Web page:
First Droz-Farny Circle


Steiner gave and Droz-Farny (1901) proved that if equal circles are drawn about the vertices of a triangle (dashed circles in the above figure), they cut the lines joining the midpoints of the corresponding sides in six points P_1, Q_1, P_2, Q_2, P_3, and Q_3, which lie on a circle whose center is the orthocenter. If the radius of these circles rho is the radius of the equal circles centered on the vertices A_1, A_2, and A_3, and R_H is the radius of the circle about H, then


where R is the circumradius of the reference triangle (Johnson 1929, p. 257).

In the special case that rho=R, then a circle D_1, known as the Droz-Farny circle is obtained. This circle has center H and radius whose square is given by


(Johnson 1929, pp. 257-278).


Another construction for the first Droz-Farny circle proceeds by drawing circles with centers at the feet of the altitudes and passing through the circumcenter. These circles cut the corresponding sides in six concyclic points whose circumcircle is the first Droz-Farny circle.


The first Droz-Farny circle D_1 therefore passes through 12 notable points, two on each of the sides and two on each of the lines joining midpoints of the sides, as illustrated in the rather busy figure above.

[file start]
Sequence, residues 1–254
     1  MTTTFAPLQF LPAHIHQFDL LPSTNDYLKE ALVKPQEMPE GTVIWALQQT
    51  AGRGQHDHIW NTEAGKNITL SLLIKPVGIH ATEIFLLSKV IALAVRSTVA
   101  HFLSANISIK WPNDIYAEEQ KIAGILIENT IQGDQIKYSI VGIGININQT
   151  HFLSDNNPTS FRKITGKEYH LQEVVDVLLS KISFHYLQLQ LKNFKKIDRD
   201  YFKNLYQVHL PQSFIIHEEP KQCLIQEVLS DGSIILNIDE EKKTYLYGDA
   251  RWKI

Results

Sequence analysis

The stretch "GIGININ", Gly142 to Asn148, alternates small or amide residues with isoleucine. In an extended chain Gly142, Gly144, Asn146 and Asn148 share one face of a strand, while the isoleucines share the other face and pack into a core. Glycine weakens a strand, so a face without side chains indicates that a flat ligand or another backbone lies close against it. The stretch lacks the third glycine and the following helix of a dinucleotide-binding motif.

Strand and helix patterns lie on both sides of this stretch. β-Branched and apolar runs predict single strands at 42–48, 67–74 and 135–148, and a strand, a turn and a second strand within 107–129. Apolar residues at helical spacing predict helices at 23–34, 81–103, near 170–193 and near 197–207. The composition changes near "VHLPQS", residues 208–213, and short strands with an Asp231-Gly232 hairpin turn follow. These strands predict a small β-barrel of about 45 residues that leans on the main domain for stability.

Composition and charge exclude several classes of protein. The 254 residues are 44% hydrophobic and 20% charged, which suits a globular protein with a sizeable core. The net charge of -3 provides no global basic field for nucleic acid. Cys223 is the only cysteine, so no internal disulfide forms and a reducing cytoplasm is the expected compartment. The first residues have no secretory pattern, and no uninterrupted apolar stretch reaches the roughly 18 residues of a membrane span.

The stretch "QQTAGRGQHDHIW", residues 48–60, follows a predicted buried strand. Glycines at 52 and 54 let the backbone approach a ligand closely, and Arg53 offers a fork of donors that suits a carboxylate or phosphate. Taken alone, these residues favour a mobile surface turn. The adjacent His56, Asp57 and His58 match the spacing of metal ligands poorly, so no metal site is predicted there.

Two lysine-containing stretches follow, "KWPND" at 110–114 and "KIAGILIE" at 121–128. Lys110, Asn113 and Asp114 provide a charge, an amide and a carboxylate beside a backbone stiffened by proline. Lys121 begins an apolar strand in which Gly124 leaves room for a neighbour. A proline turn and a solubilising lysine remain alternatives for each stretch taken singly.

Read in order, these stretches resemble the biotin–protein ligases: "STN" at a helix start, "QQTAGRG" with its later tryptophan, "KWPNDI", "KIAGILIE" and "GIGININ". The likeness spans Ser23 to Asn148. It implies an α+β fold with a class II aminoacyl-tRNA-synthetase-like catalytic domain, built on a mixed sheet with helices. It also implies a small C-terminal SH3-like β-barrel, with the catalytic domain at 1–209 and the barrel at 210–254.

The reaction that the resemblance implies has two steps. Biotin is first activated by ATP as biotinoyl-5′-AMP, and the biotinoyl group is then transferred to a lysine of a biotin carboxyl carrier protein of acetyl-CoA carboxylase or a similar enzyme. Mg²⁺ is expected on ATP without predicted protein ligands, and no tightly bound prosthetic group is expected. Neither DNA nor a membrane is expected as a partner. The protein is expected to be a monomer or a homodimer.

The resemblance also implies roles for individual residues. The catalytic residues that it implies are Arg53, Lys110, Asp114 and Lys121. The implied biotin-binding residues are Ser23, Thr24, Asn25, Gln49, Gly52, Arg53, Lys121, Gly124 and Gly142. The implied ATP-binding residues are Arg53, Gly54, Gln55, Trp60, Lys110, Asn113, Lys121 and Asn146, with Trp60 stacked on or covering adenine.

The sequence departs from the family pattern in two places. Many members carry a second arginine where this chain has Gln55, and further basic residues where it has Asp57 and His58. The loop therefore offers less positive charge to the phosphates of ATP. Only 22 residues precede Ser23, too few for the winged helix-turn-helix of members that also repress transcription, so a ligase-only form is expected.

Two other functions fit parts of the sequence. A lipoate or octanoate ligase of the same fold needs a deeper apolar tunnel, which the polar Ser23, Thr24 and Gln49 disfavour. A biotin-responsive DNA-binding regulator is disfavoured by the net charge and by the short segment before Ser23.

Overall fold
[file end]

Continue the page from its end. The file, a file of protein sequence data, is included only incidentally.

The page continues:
The first Droz-Farny circle has circle function


No Kimberling centers lie on the first Droz-Farny circle.

See also

Central Circle, Second Droz-Farny Circle

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Droz-Farny, A. "Notes sur un théorème de Steiner." Mathesis 21, 22-24, 1901.Goormaghtigh, R. "Droz-Farny's Theorem." Scripta Math. 16, 268-271, 1950.Honsberger, R. "The Droz-Farny Circles." §7.4 (ix) in Episodes in Nineteenth and Twentieth Century Euclidean Geometry. Washington, DC: Math. Assoc. Amer., pp. 69-72, 1995.Johnson, R. A. Modern Geometry: An Elementary Treatise on the Geometry of the Triangle and the Circle. Boston, MA: Houghton Mifflin, pp. 256-258, 1929.

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First Droz-Farny Circle

Cite this as:

Weisstein, Eric W. "First Droz-Farny Circle." From MathWorld--A Wolfram Web Resource.

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